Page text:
It’s  John’s mother, who says he must’ve forgotten what it was like to love someone, that he can’t understand why Joey and John want to be together. That changes him and his decision to negate the marriage, his monologue directed at his family when he finally discusses his feelings is to the audience as well. It is love, that will get them through the worst that society will throw at them for their relationship

Anybody could make a case, a hell of a good case, against your getting married. The arguments are so obvious that nobody has to make them. But you’re two wonderful people who happened to fall in love and happened to have a pigmentation problem, and I think that now, no matter what kind of a case some bastard could make against your getting married, there would be only one thing worse, and that would be if – knowing what you two are and knowing what you two have and knowing what you two feel- you didn’t get married–Matt Drayton

and like the catchy tune that accompanies the movie “Glory Of Love”, Guess Who’s Coming To Dinner wraps up with a tiny bow

One Potato, Two Potato

1964 movie poster for “One Potato, Two Potato, via wikipedia

Despite coming out in 1964, three years before Guess Who’s Coming to Dinner, One Potato, a lesser known independent film, functions almost as a continuation of Guess Who’s Coming To Dinner,  when love wins out but what’s next?

Julie who is white woman (played by effortlessly talented Barbara Barrie) and Frank (Bernie Hamilton) who is a black man  are co-workers who fall in love in Ohio. Their tentative courtship is sweet and joyful like any new relationship culminating in a scene where they play an endearing game of hopscotch that ends up in probably one of the first interracial kisses on film.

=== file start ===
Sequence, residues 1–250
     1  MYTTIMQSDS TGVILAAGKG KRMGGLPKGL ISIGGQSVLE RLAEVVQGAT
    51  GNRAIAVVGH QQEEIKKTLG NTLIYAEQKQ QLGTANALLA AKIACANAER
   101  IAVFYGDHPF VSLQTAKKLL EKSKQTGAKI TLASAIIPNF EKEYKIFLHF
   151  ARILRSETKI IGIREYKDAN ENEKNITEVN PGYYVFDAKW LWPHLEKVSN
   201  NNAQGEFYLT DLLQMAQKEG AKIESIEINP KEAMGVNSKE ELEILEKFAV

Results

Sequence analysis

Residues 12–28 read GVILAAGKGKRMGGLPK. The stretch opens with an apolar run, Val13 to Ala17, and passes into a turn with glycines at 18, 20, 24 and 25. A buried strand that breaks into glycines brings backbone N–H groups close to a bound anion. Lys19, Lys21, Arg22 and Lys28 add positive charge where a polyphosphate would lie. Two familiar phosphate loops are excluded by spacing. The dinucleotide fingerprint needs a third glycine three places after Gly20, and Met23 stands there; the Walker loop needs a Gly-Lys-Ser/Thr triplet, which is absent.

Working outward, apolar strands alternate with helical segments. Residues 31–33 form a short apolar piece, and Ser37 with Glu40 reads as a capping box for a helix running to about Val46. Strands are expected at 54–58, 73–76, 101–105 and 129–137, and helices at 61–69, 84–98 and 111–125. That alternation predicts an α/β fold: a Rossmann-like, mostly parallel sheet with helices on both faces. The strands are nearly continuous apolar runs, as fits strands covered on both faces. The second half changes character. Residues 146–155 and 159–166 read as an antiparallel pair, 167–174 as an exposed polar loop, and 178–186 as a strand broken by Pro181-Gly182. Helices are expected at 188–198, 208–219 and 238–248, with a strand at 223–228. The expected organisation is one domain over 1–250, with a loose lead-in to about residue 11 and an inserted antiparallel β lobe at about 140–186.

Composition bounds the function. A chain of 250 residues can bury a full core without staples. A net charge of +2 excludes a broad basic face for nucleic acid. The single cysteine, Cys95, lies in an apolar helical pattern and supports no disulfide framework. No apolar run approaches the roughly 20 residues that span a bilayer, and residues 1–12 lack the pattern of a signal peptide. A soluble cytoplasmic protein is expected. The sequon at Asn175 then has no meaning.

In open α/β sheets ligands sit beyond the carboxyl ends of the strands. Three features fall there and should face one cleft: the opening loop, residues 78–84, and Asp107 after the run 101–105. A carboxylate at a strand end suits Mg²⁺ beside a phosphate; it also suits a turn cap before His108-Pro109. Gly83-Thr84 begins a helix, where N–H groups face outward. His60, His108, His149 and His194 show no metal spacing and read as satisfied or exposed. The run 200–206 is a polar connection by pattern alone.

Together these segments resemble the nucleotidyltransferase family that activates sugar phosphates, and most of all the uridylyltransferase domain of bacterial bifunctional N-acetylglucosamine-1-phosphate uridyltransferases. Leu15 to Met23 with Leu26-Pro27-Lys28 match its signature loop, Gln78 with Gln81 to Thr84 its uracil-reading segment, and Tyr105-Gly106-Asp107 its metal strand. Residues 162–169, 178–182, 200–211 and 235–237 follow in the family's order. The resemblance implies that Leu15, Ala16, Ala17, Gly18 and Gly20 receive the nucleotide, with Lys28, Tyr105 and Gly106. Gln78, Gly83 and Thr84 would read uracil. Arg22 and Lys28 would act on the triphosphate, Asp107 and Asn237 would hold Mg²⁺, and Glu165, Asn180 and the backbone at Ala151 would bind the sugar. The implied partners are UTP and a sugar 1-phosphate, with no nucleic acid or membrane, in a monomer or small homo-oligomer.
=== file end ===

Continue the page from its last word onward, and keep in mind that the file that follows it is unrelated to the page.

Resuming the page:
Julie is also mother to an only child from a previous marriage to a white man. The child,  Ellen Mary, (Marti Mericka) having no father figure in her life since toddlerhood takes to Frank’s instantly. All seems perfect, and had they been a white family would have been a great start to a new life for Julie and Frank.

In spite of their own joy, and even the support of close friends, there are moments that harshly remind them of others prejudices:

When they are walking together after work,  they are stopped by a police officer who assumes that Julie is a prostitute with her customer because Frank is black.

When they get married, the woman at the justice of the peace  gives an intense disapproving look.

Frank’s  parents are less than thrilled, particularly his father, who scolds him for

Frank and father.jpg
Frank’s father expressing displeasure at his interracial relationship. Shown from left: actors Robert Earl Jones, Bernie Hamilton via MovieMorlocks.com

forgetting that even though he gets along with white people he’s not one of them. Frank’s mother initially counsels against the marriage, but she warms up to Julie, when Frank and Julie get married. She encourages her husband to do the same, who in time, especially once Julies gives birth to his grandchild.

It is not until Julie’s ex-husband resurfaces, does Frank and Julie me their biggest challenge as an interracial couple.

Julie’s husband Joe (Richard Mulligan ) initially comes back to reunite with his daughter he left behind long ago for overseas work. However, when he sees that Julie has married into a black family and that is the home in which his daughter is being raised, Joe has something of an emotional freak out and sues for sole custody.